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Sexual Harassment – Who Enforces the Rules? 

by Pareen Rogers and Nils Braatvedt

Published: April, 2017

Submission: April, 2017

 



South African law treats sexual harassment as a serious form of misconduct that infringes upon a person’s dignity and other fundamental rights.

The seriousness with which it is viewed by the courts is illustrated by the Labour Appeal Court (“LAC”) decision in MEC for Education (North West Provincial Government) v Makubalo. This judgment emphasises the principle that the decision to discipline for instances of sexual harassment lies with management and the fact that the victim has “settled” the matter with the perpetrator does not prevent the employer from instituting disciplinary action. The seriousness with which this type of misconduct is viewed is also evident from the fact that the LAC accepted that the previous inconsistent application of discipline need not prevent the perpetrator from being disciplined.

This case concerned allegations of sexual harassment and financial mismanagement levelled against the school principal of Bafokeng High School. The principal, JMK Makubalo (“Makubalo”), was dismissed for financial mismanagement and three incidents of sexual assault that took place in 1998 and 2000 involving his subordinate, Dora Monegi (“Monegi”), a teacher at the school. Aggrieved by his dismissal, Makubalo referred an unfair dismissal dispute to the Education Labour Relations Council (“ELRC”). The arbitrator appointed to adjudicate the matter found Makubalo’s dismissal to have been substantively fair. In coming to this conclusion, the arbitrator found that Makubalo had abused his position of power, as the school principal, over Monegi, his subordinate, and was guilty of sexually assaulting Monegi during visits to her home in 1998 and 2000. The arbitrator found that the evidence demonstrated that at the year-end party in 1998, Makubalo had held Monegi by the cheeks, kissed her and touched her genitals in the lounge in front of other people. In relation to the 2000 incident, Makubalo was found to have “grabbed Monegi around her buttocks and attempted to drag her out of the kitchen”. The arbitrator also found that Makubalo had committed serious irregularities in handling school funds and that the trust relationship between Makubalo and the relevant member of the provincial executive council had been irretrievably severed.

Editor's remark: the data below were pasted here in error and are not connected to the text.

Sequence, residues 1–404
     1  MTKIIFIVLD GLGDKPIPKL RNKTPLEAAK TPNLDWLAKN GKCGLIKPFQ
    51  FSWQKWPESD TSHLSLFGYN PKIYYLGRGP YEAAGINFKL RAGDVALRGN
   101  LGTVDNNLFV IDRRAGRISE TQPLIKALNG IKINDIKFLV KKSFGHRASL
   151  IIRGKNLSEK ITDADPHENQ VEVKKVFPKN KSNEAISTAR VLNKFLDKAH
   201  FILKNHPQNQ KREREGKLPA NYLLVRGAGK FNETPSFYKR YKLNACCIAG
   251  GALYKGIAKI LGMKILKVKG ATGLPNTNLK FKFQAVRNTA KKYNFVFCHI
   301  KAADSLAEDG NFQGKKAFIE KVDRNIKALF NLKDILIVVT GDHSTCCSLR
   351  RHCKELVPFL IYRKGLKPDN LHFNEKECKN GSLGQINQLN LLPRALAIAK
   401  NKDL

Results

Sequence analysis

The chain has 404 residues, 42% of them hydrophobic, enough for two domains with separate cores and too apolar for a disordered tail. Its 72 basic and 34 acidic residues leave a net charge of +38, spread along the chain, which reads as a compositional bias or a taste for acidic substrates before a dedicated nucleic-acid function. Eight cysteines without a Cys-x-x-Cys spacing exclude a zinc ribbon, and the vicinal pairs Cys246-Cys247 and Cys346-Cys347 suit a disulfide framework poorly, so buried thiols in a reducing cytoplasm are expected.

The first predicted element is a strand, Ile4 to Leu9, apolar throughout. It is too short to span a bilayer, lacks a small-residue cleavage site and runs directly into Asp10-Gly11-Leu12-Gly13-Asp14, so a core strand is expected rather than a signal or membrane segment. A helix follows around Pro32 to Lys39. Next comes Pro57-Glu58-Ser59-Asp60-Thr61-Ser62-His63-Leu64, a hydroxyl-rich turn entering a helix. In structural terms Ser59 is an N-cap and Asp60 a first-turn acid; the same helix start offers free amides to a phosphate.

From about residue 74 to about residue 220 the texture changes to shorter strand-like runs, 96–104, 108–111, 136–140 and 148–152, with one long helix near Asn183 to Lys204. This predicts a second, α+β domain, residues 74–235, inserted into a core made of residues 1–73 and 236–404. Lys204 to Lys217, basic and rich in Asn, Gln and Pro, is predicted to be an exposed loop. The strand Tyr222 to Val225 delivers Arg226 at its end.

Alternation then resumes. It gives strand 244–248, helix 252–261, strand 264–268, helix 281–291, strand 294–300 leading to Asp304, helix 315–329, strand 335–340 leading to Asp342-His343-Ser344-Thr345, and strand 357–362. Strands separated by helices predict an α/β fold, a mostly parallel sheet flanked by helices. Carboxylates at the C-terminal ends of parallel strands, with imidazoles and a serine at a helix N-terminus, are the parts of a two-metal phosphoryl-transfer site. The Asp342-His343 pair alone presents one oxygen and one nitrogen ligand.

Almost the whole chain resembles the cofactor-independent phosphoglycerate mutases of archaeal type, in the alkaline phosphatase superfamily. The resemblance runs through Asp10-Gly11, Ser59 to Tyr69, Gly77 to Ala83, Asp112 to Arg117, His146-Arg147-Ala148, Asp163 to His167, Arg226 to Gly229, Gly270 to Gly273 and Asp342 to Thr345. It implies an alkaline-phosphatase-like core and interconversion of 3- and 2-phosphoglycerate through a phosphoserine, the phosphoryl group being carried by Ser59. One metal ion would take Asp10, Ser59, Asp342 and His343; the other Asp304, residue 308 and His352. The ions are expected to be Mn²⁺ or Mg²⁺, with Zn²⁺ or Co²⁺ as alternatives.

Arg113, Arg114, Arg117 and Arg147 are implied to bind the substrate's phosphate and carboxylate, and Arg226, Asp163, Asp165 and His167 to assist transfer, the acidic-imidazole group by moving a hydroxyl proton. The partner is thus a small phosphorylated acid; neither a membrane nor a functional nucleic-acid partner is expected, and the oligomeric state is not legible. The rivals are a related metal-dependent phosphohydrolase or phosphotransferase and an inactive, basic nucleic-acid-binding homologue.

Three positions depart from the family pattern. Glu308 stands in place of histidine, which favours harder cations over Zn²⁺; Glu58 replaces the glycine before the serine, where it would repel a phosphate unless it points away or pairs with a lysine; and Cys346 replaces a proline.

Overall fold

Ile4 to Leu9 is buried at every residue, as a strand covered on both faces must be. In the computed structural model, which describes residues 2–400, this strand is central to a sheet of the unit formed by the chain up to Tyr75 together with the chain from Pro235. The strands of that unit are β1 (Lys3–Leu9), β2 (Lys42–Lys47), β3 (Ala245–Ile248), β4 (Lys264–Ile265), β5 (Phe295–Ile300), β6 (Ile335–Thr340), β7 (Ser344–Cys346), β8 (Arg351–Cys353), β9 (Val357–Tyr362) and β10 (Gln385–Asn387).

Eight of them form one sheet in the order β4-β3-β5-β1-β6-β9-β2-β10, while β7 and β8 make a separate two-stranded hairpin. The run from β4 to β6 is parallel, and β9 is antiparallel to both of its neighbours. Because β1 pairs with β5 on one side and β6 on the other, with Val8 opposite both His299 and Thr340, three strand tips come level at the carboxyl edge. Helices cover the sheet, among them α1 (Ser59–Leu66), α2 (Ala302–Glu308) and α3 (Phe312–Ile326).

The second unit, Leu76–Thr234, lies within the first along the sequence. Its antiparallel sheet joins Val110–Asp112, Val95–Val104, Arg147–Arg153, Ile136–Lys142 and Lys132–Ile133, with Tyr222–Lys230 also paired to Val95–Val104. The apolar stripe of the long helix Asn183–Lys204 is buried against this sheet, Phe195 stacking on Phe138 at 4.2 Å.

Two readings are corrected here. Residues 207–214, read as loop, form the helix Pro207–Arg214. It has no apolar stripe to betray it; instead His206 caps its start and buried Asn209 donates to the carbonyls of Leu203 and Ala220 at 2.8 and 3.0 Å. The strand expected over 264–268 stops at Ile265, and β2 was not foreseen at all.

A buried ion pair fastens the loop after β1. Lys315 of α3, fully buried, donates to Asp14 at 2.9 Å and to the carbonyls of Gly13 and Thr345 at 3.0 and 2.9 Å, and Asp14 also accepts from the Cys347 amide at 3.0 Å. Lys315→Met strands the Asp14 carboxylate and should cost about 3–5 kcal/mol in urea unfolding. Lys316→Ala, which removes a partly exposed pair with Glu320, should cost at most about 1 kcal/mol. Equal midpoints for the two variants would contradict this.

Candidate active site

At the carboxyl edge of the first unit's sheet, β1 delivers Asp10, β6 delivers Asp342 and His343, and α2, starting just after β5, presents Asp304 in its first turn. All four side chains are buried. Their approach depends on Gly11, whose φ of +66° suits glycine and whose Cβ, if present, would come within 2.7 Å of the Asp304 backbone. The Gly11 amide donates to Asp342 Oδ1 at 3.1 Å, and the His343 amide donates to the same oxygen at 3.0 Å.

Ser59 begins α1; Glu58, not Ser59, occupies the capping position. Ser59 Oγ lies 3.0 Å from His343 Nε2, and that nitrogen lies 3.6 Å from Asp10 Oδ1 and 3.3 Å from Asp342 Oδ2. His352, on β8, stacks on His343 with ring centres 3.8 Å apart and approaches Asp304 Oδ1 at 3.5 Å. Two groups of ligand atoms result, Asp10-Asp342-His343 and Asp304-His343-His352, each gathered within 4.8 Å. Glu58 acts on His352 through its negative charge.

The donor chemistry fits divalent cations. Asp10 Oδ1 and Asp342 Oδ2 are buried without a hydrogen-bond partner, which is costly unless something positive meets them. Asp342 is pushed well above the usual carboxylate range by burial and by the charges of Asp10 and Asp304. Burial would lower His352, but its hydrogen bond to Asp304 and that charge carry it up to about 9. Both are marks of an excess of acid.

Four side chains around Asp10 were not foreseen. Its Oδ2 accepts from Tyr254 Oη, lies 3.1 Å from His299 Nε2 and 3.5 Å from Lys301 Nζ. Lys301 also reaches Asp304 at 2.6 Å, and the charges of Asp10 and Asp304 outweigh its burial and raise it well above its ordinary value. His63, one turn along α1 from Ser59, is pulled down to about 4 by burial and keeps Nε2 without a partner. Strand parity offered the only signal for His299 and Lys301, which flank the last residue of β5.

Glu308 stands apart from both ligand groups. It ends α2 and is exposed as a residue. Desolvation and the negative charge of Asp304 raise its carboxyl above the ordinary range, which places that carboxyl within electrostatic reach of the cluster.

Makubalo took the arbitrator’s award on review to the Labour Court. The Labour Court found that the award had been well reasoned and that it was clear from the transcript of the arbitration proceedings that Makubalo had sexually assaulted Monegi. However, the Labour Court found that the arbitrator had failed to consider that the allegation of sexual harassment had been settled when the employee acknowledged his wrongdoing and apologised to his victim in a meeting that took place between the parties and a third party. The pre-arbitration minute accordingly recorded that the parties agreed that the allegations of sexual harassment were amicably resolved. In light of this, the Labour Court found that the arbitrator should have found the matter to have been settled insofar as the sexual harassment allegation was concerned.

The Labour Court also found that the arbitrator had failed to consider the issue of inconsistent application of discipline. In particular, the parties had agreed (again, in the pre-arbitration minute) that no disciplinary steps had been taken against another employee accused of the sexual assault of female learners in 1996. The Labour Court found that the arbitrator had therefore exceeded his powers by failing to find that the employer had applied discipline inconsistently.

The court took the view that Makubalo was guilty of financial mismanagement but that this alone did not warrant his dismissal. It ordered that he be retrospectively reinstated with full back pay. The employer took this decision on appeal to the LAC.